New and improved Agricultural Report: Now Live
Following an extensive research project with Property Lawyers and PSLs from leading law firms across the UK, the Groundsure Agricultural search report has been redeveloped with new and in-depth datasets, unique features, improved layout and navigation, and a refreshing design. The outcome – a streamlined workflow presenting all the information that you and your clients need faster via a much more user-friendly design and navigation. With several new intelligently filtered datasets, only relevant results are returned, making for concise and easy to follow results and recommendations.
The report now provides enhanced guidance on Section B8 of the Law Society Conveyancing Handbook (25th ed.) reviewing Contaminated Land, full flood risk, several agricultural features, ground stability, radon, energy, transportation, planning applications and planning constraints with several new mapping, data and agricultural features making it one of the most comprehensive search reports available.
Each report is written and reviewed by our in-house team of environmental specialists who can be contacted in the event of a query providing an added value unbeatable service.
What does it cover?
- Multi-tier environmental risk assessment
- Contaminated Land
- Full Flood-risk
- Agricultural features
- Ground stability
- Planning applications
- Planning constraints
- Environmental permits, incidents and registers
- Detailed active and historical landfill data from authoritative sources, including the Environment Agency, Natural Resources Wales, British Geological Survey (BGS), Local Authorities and historical Ordnance Survey mapping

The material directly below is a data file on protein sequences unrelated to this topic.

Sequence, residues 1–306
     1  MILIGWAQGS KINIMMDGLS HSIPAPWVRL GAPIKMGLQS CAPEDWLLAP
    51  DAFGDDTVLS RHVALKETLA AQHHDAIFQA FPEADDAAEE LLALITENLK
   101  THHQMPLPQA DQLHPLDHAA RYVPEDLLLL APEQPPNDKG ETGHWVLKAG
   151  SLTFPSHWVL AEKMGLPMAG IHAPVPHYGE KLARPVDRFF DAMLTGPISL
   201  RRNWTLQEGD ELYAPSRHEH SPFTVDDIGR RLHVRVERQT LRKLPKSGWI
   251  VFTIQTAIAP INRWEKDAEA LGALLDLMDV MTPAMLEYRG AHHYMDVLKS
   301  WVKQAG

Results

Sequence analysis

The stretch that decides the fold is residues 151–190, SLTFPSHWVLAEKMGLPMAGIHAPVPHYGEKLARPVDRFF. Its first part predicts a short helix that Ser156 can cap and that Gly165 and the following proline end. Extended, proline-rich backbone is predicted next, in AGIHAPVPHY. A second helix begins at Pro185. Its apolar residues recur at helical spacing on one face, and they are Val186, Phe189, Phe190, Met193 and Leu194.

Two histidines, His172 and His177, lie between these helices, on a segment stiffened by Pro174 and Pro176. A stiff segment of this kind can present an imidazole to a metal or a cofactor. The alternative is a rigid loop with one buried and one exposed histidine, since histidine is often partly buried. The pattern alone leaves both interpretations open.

- National Grid gas pipeline and electricity transmission lines
- Hydrology and Hydrogeology
- NEW Historic and Current Rights of Way – Open Access Land
- High Speed (HS2) rail network – proximity to potential build disruption and purchase risks
- Detailed commentary on working farmyards
- NEW Agricultural Land Classification, indicating the land’s potential productivity
- Subsidence hazards from mining and natural sources
- Designated Environmentally Sensitive Sites including ancient or protected woodland.
- Assessment of archaeological sites of interest.
- NEW Timber felling licenses
- NEW Waste exemptions
- NEW Environmental and Countryside Stewardship Schemes
- Discharge consents
- Nitrate Vulnerable Zones.
For more information please download the comprehensive product guide or download our handy one page features and benefits guide which can be found here.
*Pricing stated is £275 for sites 0-50ha. There is a tiered pricing structure for larger sites. Please contact us or your preferred search provider for more information.
Delivery time applies to working days.
Reliance: £10m Professional Indemnity Insurance (any one claim). Can be relied upon by all professional parties within a property transaction, first purchasers / tenants and their advisers. Please refer to Groundsure terms & conditions for more information about this.
What is radon?
Radon is a naturally occurring radioactive gas, produced by the radioactive decay of Uranium (238U). Uranium is found in small quantities in all soils and rocks throughout the UK. It is not possible to see or smell radon and specialist equipment is required to detect it. Click here for more information about radon